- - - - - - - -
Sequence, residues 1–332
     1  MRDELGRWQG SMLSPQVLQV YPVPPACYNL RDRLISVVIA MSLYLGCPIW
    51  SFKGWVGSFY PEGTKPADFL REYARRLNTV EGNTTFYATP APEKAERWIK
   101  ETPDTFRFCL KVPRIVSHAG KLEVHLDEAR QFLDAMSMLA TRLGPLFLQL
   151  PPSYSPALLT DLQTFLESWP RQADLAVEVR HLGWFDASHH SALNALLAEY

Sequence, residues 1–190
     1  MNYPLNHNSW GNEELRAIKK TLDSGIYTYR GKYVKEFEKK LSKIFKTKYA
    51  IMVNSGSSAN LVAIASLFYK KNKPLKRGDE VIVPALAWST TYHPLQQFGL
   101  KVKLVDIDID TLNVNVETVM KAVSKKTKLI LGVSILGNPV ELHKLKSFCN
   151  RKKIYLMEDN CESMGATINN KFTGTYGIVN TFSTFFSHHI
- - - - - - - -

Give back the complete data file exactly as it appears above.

Sequence, residues 1–332
     1  MRDELGRWQG SMLSPQVLQV YPVPPACYNL RDRLISVVIA MSLYLGCPIW
    51  SFKGWVGSFY PEGTKPADFL REYARRLNTV EGNTTFYATP APEKAERWIK
   101  ETPDTFRFCL KVPRIVSHAG KLEVHLDEAR QFLDAMSMLA TRLGPLFLQL
   151  PPSYSPALLT DLQTFLESWP RQADLAVEVR HLGWFDASHH SALNALLAEY

Sequence, residues 1–190
     1  MNYPLNHNSW GNEELRAIKK TLDSGIYTYR GKYVKEFEKK LSKIFKTKYA
    51  IMVNSGSSAN LVAIASLFYK KNKPLKRGDE VIVPALAWST TYHPLQQFGL
   101  KVKLVDIDID TLNVNVETVM KAVSKKTKLI LGVSILGNPV ELHKLKSFCN
   151  RKKIYLMEDN CESMGATINN KFTGTYGIVN TFSTFFSHHI